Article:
After they took control of China in 1949, the communists asserted that Tibet was part of the “Chinese motherland” (the non-Chinese Qing (Qing dynasty) rulers of China had exercised suzerainty over the region from the 18th century until the dynasty's fall in 1911/12), and Chinese cadres entered Tibet in 1950. With a crisis looming, the Dalai Lama was asked to assume the role of head of state, which he did on Nov. 17, 1950, at the age of 15. Attempts by the Chinese to collectivize monastic properties in eastern Tibet met with resistance, which led to violence and intervention by the People's Liberation Army that year. On May 23, 1951, a Tibetan delegation in Beijing signed a “Seventeen-Point Agreement” (under duress), ceding control of Tibet to China; Chinese troops marched into Lhasa on Sept. 9, 1951. During the next seven and a half years, the young Dalai Lama sought to protect the interests of the Tibetan people, departing for China in 1954 for a year-long tour, during which he met with China's leader Mao Zedong.

      In 1956 the Dalai Lama traveled to India to participate in the celebration of the 2,500th anniversary of the Buddha's Enlightenment. Against the advice of some members of his circle, he returned to Tibet, where the situation continued to deteriorate. Guerrillas fought Chinese troops in eastern Tibet, and a significant number of refugees flowed into the capital. In February 1959, despite the turmoil, the Dalai Lama sat for his examination for the rank of geshe (“spiritual friend”), the highest scholastic achievement in the Dge-lugs-pa sect.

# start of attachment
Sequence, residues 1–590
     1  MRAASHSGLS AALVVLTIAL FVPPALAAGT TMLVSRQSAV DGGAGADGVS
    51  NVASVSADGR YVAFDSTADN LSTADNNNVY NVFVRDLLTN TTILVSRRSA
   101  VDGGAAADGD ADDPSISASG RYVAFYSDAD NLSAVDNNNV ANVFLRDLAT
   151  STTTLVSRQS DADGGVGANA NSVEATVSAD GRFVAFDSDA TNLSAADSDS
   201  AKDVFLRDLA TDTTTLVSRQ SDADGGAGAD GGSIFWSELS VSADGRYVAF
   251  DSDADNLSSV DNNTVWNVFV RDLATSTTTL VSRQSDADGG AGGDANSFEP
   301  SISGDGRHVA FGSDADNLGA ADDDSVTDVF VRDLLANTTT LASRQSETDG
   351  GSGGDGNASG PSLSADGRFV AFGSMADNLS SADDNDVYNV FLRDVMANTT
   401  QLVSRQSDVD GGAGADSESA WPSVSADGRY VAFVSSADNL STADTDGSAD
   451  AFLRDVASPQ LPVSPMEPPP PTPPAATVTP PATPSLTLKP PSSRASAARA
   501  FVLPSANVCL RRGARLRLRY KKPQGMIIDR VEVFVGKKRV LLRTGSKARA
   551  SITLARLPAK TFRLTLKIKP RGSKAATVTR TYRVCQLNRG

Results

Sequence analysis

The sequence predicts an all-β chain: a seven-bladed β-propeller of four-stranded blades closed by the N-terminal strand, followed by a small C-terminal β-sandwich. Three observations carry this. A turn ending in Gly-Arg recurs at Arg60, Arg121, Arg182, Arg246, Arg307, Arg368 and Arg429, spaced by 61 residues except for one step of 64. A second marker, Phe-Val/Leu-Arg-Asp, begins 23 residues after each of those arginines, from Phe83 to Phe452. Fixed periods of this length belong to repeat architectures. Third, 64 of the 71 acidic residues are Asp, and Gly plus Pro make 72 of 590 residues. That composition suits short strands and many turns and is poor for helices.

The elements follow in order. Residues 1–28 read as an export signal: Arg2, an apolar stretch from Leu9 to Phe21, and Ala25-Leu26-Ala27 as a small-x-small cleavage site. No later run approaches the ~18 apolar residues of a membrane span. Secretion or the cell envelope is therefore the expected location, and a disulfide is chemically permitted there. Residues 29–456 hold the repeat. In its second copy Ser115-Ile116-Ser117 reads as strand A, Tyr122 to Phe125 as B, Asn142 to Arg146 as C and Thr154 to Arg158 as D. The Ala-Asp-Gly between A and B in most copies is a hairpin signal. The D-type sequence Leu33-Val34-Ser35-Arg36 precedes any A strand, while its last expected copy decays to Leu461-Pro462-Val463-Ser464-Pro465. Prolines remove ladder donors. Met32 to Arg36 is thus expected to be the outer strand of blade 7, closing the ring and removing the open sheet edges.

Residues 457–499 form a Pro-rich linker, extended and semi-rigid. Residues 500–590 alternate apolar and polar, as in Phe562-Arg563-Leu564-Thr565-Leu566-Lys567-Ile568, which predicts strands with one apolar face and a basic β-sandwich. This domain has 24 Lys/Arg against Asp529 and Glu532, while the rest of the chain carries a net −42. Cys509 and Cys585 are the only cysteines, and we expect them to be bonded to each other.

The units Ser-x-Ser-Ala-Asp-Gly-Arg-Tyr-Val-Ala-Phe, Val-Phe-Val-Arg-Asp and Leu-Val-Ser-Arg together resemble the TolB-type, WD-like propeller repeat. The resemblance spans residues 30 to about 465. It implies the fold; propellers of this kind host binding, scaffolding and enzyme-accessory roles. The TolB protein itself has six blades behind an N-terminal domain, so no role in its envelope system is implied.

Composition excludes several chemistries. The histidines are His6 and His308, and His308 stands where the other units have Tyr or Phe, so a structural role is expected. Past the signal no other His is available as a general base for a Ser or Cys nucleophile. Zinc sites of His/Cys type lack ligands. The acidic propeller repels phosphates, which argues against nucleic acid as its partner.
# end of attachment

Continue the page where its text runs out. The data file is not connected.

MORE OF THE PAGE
As tensions continued to escalate, rumours that Chinese authorities planned to kidnap the Dalai Lama led to a popular uprising in Lhasa on March 10, 1959, with crowds surrounding the Dalai Lama's summer palace to protect him. The unrest caused a breakdown in communications between the Dalai Lama's government and Chinese military authorities, and during the chaos the Dalai Lama (disguised as a Tibetan soldier) escaped under cover of darkness on March 17. Accompanied by a small party of his family and teachers and escorted by guerrilla fighters, the Dalai Lama made his way on foot and horseback across the Himalayas, pursued by Chinese troops. On March 31 he and his escorts arrived in India, where the Indian government offered them asylum.

Life in exile
      In the wake of the Lhasa uprising and the Chinese consolidation of power across Tibet, tens of thousands of Tibetans followed the Dalai Lama into exile. In 1960 he established his government-in-exile in Dharamsala, a former British hill station in the Indian state of Himachal Pradesh, where he continued to reside. The government of India, however, was reluctant to allow all the Tibetan refugees to concentrate in one region and thus created settlements across the subcontinent, where the Tibetans established farming communities and built monasteries. The welfare of the refugees and the preservation of Tibetan culture in exile, especially in light of reports of the systematic destruction of Tibetan institutions during China's Cultural Revolution (1966–76), were the primary concerns of the Dalai Lama during this period.

      The Dalai Lama traveled little during the early part of his exile and published only two books, an introduction to Buddhism and an autobiography. In later years, however, he traveled quite extensively, visiting Europe for the first time in 1973 and the United States for the first time in 1979. He subsequently traveled to dozens of other countries, delivering addresses at colleges and universities, meeting with political and religious leaders, and lecturing on Buddhism.